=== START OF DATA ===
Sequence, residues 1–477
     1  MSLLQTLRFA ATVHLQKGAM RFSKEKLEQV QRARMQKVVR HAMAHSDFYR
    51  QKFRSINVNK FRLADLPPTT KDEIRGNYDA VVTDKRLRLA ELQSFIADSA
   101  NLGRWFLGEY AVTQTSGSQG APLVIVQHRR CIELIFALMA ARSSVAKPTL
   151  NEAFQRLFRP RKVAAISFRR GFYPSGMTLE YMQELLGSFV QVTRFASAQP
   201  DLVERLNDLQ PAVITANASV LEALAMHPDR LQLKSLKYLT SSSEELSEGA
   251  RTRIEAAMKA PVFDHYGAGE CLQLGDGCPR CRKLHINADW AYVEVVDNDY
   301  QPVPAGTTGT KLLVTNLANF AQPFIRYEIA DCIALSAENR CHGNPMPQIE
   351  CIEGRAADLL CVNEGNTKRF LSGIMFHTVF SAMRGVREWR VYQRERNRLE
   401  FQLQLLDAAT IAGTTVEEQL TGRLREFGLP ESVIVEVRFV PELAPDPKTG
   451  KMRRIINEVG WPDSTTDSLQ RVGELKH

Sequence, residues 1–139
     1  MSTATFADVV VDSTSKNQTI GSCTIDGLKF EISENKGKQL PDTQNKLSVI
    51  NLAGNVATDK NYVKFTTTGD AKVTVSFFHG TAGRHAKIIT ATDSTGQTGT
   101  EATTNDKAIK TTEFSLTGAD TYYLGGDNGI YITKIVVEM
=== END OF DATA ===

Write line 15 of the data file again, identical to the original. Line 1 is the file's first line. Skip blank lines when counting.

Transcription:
   101  EATTNDKAIK TTEFSLTGAD TYYLGGDNGI YITKIVVEM